Steamboat Springs From bike lanes to paid parking, the Steamboat Springs City Council considered a number of "scandalous things" - as councilwoman Cari Hermacinski called them - in a discussion of possible changes to Steamboat's main thoroughfare Tuesday.
The Colorado Department of Transportation plans a major reconstruction of U.S. Highway 40 through downtown Steamboat Springs, where it is known as Lincoln Avenue, in 2009 and 2010. And the city, hoping to minimize construction impacts, hopes to coordinate its own improvements with CDOT's work. City Council was briefed on both facets of the work Tuesday.
Consultants that conducted a traffic analysis of downtown Steamboat recommended the city make a number of improvements to Lincoln Avenue, from moving a traffic light at Eight Street to 11th Street, to expanding curbs out in front of the parking lanes at intersections to reduce the street-crossing distance for pedestrians.
The consultants' recommendations were tame, though, compared to considerations discussed after comments from members of the Centennial Hall audience. Steamboat resident John Fielding renewed his calls for a bypass, and Steamboat resident Bill Jameson said the city was wasting an opportunity to make "visionary" changes to Lincoln Avenue that truly would be pedestrian-friendly. Jameson suggested widening sidewalks, adding bike lanes and eliminating on-street parking and the road's center turn lane.
"That's visionary," Jameson said, "but it's tough politically. I suggest you start looking outside the box here. : This doesn't look any different really from what we've got. And what we've got is a problem."
Some council members reluctantly agreed with Jameson, a frequent meeting-goer known for his candid lambasting of city affairs during public comment.
"I actually liked what Mr. Jameson had to say," Councilman Scott Myller said, "and I don't want to walk away from that just yet."
"I hate agreeing with you, too, Bill," Councilman Jon Quinn added. "I know that's a lot of (parking) spaces. But when you look at increasing pedestrian friendliness, I think eliminating parking makes a lot of sense."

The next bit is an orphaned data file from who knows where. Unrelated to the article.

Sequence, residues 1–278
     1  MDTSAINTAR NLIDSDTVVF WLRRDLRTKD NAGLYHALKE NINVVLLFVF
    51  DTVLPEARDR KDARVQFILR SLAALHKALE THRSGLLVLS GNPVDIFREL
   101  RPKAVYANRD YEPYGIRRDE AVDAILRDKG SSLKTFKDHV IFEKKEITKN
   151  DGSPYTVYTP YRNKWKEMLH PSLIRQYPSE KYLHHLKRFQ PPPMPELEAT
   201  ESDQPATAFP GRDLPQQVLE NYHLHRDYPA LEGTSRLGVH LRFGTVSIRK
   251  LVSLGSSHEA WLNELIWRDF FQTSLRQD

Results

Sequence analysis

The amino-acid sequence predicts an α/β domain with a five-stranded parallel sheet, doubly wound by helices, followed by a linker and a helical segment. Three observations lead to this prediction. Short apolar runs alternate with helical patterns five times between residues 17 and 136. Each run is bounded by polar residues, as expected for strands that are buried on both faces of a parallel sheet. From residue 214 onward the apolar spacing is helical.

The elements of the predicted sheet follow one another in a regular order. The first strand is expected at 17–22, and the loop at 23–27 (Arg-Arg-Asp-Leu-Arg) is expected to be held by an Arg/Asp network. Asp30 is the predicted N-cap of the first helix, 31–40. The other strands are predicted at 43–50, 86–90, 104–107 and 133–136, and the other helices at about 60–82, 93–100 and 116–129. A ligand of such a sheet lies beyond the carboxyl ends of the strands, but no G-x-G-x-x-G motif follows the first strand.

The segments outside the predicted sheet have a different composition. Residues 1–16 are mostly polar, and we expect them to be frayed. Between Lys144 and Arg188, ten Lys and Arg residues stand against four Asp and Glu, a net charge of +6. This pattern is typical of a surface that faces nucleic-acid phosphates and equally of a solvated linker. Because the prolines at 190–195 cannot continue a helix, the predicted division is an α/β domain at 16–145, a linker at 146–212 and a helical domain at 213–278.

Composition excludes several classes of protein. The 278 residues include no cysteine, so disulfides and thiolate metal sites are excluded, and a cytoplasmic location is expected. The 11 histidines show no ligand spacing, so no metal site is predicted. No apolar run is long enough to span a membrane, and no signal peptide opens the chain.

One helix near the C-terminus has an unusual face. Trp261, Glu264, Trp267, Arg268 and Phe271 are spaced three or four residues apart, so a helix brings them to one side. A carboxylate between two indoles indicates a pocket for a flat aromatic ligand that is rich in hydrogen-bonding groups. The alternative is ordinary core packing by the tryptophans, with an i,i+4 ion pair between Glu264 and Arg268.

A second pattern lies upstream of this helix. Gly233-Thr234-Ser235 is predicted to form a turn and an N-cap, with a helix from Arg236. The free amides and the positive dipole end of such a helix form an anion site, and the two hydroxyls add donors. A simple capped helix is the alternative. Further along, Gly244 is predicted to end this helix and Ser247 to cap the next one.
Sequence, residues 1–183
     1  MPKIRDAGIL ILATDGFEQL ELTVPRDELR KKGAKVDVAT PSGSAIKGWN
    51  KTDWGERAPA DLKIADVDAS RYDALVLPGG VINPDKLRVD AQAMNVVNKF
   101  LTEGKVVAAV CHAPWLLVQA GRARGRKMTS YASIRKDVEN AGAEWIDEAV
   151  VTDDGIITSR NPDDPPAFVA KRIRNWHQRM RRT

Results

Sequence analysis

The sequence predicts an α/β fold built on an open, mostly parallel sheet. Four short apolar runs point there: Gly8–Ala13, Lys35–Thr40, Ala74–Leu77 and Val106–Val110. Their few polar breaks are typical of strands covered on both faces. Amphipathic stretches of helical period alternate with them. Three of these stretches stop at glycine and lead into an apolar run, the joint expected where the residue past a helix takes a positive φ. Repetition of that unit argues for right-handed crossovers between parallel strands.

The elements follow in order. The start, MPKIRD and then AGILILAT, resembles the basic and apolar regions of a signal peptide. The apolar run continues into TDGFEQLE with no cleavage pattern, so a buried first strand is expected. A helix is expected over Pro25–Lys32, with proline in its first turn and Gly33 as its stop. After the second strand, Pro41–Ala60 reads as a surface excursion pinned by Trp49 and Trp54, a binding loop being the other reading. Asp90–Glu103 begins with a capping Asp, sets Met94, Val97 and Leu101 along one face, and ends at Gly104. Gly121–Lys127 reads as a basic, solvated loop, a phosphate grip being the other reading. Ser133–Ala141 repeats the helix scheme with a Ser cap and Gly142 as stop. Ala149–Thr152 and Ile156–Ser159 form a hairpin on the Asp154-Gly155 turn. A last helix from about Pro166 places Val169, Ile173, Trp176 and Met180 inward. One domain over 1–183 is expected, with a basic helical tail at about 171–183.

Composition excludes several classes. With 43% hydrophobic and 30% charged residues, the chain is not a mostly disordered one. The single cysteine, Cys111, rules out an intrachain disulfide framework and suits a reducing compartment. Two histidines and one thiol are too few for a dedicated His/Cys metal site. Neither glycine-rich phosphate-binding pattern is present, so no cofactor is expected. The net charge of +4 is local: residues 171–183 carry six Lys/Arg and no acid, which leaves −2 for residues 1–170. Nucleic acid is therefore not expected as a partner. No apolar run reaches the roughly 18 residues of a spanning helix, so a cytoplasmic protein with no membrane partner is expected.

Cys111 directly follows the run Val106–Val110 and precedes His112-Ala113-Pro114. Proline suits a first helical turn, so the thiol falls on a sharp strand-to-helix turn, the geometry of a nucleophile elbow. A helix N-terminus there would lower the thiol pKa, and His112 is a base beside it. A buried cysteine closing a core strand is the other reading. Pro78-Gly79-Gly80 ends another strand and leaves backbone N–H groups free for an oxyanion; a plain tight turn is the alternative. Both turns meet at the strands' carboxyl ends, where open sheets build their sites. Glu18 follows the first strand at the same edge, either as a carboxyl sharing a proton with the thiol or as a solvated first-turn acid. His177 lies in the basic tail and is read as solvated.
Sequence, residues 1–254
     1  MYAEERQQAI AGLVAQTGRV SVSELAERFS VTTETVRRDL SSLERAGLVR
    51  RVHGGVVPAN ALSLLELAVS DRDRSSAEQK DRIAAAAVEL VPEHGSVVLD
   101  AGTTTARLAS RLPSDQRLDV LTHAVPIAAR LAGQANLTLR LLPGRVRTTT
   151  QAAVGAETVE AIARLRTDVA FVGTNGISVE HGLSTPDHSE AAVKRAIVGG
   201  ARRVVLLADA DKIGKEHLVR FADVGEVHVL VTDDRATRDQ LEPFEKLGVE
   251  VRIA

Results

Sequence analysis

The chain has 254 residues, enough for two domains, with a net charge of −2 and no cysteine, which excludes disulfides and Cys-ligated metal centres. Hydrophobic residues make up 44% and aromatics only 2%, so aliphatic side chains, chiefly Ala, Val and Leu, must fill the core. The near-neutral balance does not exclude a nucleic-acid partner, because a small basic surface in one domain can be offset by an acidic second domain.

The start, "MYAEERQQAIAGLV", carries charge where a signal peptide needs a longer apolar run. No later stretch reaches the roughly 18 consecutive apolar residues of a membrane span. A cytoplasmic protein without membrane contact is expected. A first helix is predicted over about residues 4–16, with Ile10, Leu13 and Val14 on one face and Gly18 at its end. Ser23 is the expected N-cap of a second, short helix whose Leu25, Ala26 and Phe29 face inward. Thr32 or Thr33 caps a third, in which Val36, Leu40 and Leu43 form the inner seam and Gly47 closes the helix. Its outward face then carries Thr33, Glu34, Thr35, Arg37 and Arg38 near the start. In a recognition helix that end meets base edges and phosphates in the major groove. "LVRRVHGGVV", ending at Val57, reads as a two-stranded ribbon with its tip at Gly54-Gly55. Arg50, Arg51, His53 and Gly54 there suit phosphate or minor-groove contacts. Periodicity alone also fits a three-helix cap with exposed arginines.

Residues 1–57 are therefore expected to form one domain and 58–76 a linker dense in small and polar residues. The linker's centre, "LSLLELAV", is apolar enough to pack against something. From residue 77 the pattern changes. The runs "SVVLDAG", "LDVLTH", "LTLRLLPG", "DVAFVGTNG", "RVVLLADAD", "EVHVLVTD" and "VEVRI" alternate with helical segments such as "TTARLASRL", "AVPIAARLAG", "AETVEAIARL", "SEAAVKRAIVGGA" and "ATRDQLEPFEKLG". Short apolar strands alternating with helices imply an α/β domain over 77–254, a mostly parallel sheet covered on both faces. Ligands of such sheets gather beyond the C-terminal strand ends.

Hermacinski suggested a summer pilot program in which Lincoln Avenue's on-street parking would be turned into a lane for buses and cyclists only. She also suggested parking fees that would be dedicated to future streetscape improvements. Councilwoman Meg Bentley seconded the latter proposal.
"I agree with Cari," she said. "I think it's time we back up and start implementing paid parking."
Council President Loui Antonucci brought the paid-parking conversation to a close. He said the idea deserves a full public airing and should be put on a future work-session agenda.
"And it should be the only agenda item," Antonucci joked.
Councilman Steve Ivancie said he appreciated his younger counterparts' passion for cycling, but he also noted that Steamboat is not San Diego and that is not practical to make decisions based on an activity that is only viable for a few months of the year. He also stood up for older residents for whom cycling may not be an option any month of the year. Ivancie spoke in favor of the construction of one or more parking structures.
"What I think this will do is accelerate the discussion of a parking structure," Ivancie said. "It's just really starting to clarify to me that we have an enormous traffic and parking problem."
Apart from directing staff, council members took no official action at Tuesday's work-session meeting. Public Works Director Philo Shelton was given permission to begin coordinating some of the consultants' recommendations with CDOT, including the curb extensions, the stoplight move and underground infrastructure improvements. Other recommendations, such as making Third Street one-way between Oak and Pine streets, were put on hold.
In his presentation, local CDOT engineer Van Pilaud cautioned against some of the ideas being considered by council. He said any reconfiguration of Lincoln Avenue's lanes might trigger federal requirements to bring the road up to current width standards, which would require a substantial widening of the lanes that would all but eliminate the current parking lanes if the four travel lanes and one turning lane were retained.
But that might not be all bad, said Pilaud, who noted the number of parked-car and sideswipe accidents on the street.
"You've got roughly 43 percent of all your accidents that could be related to a substandard width road," Pilaud said. "When you open your door on Lincoln Avenue, you're taking your life into your own hands."